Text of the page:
• Occupied various positions such as the Chief Operating Officer former Department of Environmental Affairs and Tourism, (DEAT), Chief Director Project Management Unit, Director Environmental Impact Management and Regional Programme manager Working for Water programme.
  • She was appointed to serve various institutions as a member of the board
    • Board Member of the National Botanical Institute 2002/3/4/5
    • Board Member South African Tourism 2006/7/8
    • Board member South African Biodiversity Institute 2007/8
  • As a sport and student activist, occupied various leadership positions in sports executive bodies and student associations in the Western Cape (Convener-Sports Council, treasurer Association of student residents, and Gender officer South African Students Congress).
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Deputy Director - General level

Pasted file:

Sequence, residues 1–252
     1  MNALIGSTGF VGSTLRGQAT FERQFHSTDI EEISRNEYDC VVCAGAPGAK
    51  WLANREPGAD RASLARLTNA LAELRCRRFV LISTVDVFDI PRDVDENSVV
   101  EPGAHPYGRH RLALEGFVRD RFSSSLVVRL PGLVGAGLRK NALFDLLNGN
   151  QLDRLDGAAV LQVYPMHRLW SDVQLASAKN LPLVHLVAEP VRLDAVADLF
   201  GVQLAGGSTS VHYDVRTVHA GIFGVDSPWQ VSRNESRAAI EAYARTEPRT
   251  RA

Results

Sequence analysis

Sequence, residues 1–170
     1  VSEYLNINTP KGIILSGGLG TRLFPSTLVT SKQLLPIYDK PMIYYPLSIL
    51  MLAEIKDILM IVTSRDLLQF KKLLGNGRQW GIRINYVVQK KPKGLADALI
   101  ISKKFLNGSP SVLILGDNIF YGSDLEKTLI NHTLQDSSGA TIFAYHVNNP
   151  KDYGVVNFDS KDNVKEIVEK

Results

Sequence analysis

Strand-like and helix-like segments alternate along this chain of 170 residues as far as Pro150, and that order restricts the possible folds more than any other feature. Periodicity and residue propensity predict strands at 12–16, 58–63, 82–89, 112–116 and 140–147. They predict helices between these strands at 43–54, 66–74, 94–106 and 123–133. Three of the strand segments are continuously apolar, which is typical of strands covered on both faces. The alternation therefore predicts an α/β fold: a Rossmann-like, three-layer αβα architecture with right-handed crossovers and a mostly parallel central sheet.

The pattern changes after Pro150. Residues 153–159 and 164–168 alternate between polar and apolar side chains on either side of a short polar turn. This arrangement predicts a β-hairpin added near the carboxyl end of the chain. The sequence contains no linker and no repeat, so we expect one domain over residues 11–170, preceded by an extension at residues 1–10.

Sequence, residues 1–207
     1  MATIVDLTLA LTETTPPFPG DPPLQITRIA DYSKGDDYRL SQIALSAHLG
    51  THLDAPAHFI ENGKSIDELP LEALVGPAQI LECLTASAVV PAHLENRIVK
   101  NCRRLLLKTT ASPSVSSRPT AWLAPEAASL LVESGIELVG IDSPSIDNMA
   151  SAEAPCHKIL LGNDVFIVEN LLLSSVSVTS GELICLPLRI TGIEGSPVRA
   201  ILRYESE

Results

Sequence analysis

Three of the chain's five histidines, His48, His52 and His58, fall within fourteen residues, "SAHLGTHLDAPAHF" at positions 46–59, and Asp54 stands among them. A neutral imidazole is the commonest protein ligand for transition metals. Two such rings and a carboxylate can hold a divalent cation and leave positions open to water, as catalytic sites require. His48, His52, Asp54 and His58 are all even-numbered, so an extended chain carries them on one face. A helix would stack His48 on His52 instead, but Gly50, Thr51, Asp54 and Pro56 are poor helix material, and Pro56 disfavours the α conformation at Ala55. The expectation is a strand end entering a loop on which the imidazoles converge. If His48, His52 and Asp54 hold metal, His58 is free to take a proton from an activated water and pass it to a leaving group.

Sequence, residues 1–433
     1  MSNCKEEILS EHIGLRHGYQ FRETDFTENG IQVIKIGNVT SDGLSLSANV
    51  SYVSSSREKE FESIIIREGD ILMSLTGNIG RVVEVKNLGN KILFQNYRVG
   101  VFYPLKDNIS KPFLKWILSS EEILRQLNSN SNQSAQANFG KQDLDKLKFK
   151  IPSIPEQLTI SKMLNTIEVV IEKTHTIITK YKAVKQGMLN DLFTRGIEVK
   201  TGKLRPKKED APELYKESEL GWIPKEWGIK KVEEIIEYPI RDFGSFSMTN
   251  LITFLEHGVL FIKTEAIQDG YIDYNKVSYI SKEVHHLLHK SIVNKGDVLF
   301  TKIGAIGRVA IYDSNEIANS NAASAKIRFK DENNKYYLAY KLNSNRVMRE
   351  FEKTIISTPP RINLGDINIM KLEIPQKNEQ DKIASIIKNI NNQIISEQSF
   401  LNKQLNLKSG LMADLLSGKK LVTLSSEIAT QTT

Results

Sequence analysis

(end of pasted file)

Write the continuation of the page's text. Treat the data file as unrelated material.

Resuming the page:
DDG  Dr Monde Mayekiso
DDG Dr Guy Preston
Chief Advisor  Mr Alf Wills
DDG Mr Ishaam Abader
Deputy Director-General 
Deputy Director-General Guy Preston, Dr.
Dr. Guy Robert Preston


Marital status: Married.

Current position

Deputy Director-General: Environmental Programmes, Department of Environmental Affairs.

Academic qualification

  • PhD in Environmental Science.

Positions / career / memberships / other activities

Dr Preston is responsible for environmental Biosecurity, focusing on the prevention of the introduction of potentially invasive species into the country, as well as regulating invasive species within the country, in implementing the Alien and Invasive Species Regulations, 2014, of the National Environmental Management: Biodiversity Act 2004 (Act No. 10 of 2004).

Dr Preston leads fourteen programmes with high environmental and economic returns on investment, that together provide work opportunities for over 70,000 previously unemployed workers, aligned to the Expanded Public Works Programme (EPWP):